Modern Use Cases of Restricted Boltzmann Machines (RBM’s)?

Background: A lot of the modern research in the past ~4 years (post alexnet) seems to have moved away from using generative pretraining for neural networks to achieve state of the art classification results.

For example, the top results for mnist here include only 2 papers of the top 50 seem to be using generative models, both of which are RBM’s. The other 48 winning papers are about different discriminative feed forward architectures with much effort being put towards finding better/novel weight initializations and activation functions different from the sigmoid used in the RBM and in many older neural networks.

Question: Is there any modern reason to use Restricted Boltzmann Machines anymore?

If not, is there a de facto modification one can apply to these feed forward architectures to make any of their layers generative?

Motivation: I ask because some of the models I’m seeing available, usually variants on the RBM, don’t necessarily have obvious analogous discriminative counterparts to these generative layers/models, and visa versa. For example:

  • mcRBM

  • ssRBM

  • CRBM (although one could argue the CNN used feed forward architectures is the discriminative analogous architecture)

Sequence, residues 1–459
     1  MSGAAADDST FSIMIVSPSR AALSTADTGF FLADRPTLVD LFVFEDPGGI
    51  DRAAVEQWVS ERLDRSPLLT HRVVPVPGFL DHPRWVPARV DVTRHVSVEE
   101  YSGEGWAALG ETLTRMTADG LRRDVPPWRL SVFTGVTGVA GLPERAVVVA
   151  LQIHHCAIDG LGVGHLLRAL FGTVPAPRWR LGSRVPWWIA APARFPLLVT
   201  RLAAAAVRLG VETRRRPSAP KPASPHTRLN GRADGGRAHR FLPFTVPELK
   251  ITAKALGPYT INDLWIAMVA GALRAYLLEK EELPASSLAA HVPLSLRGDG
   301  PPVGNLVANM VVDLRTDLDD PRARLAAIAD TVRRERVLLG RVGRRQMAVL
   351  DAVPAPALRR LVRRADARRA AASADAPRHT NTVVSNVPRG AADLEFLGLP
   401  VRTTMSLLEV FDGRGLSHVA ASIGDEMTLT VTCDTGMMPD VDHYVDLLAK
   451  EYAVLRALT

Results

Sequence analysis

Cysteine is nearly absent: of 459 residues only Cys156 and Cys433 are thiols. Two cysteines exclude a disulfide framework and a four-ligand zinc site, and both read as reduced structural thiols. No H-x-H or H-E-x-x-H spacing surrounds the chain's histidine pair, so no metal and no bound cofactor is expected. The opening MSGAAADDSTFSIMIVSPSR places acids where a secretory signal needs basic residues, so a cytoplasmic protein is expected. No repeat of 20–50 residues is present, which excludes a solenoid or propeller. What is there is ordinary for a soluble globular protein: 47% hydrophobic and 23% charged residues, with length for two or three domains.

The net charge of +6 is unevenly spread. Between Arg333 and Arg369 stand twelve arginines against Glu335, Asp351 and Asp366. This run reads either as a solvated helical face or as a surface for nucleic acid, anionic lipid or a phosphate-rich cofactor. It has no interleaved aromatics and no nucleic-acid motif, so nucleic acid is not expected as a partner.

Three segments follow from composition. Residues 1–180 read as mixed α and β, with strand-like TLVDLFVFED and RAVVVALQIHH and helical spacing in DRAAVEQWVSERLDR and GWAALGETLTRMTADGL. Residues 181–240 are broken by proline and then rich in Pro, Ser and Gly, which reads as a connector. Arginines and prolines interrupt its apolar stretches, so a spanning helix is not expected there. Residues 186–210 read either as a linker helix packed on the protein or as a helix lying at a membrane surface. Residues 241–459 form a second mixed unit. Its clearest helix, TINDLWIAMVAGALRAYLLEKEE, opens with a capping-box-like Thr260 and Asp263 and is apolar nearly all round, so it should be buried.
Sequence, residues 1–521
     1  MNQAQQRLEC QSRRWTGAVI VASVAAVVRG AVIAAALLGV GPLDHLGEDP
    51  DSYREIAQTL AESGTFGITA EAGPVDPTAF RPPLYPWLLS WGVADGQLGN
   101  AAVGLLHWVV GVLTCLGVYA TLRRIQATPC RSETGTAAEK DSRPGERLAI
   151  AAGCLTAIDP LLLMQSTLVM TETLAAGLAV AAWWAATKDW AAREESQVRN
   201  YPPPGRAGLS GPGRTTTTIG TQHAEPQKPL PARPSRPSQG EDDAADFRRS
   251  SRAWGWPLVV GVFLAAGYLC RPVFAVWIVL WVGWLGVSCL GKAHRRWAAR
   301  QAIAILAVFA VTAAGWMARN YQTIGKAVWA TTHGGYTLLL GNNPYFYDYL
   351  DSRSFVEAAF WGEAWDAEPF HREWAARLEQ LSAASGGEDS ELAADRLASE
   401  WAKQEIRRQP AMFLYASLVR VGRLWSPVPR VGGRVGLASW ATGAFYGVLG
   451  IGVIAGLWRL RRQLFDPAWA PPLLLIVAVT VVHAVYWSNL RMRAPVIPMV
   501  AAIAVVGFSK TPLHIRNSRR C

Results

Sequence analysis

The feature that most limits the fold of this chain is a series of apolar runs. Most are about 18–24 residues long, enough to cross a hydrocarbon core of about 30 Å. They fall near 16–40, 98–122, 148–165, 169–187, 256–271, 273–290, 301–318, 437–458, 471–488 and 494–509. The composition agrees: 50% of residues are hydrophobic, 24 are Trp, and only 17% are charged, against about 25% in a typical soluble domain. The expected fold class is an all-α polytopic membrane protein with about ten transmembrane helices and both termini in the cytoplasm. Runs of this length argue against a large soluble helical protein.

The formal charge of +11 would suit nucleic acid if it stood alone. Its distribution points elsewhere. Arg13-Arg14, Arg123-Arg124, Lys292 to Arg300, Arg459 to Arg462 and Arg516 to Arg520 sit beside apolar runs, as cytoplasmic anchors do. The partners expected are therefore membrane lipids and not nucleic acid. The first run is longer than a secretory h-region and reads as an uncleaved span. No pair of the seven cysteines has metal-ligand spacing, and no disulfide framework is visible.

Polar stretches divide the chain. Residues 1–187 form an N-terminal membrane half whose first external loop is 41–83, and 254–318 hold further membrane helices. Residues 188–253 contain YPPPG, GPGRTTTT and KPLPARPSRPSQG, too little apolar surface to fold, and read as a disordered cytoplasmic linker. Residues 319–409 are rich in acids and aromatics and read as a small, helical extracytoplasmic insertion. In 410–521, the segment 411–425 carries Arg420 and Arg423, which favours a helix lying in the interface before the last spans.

Also, these were clearly pre alexnet as well, from 2010, 2011, and 2009 respectfully.

Answer

This is kind of an old question, but since it asks essentially asks for ‘best practices’, rather than what is actually technically possible (ie, doesnt need too much research focus), current best practices is something like:

  • RBMs are not normally used currently
  • linear models (linear regression, logistic regression) are used where possible
  • otherwise deep feed-forward networks with layers such as fully-connected layers, convolutional layers, and throwing in some kind of regularization layers, such as dropout, and lately batch-normalization
  • of course with activation layers in between, typically ReLU, but tanh and sigmoid are used too
  • and probably some max-poolings (not always: average poolings and others are used too)

For generative usages, common techniques include:

Attribution
Source : Link , Question Author : user27886 , Answer Author : Hugh Perkins

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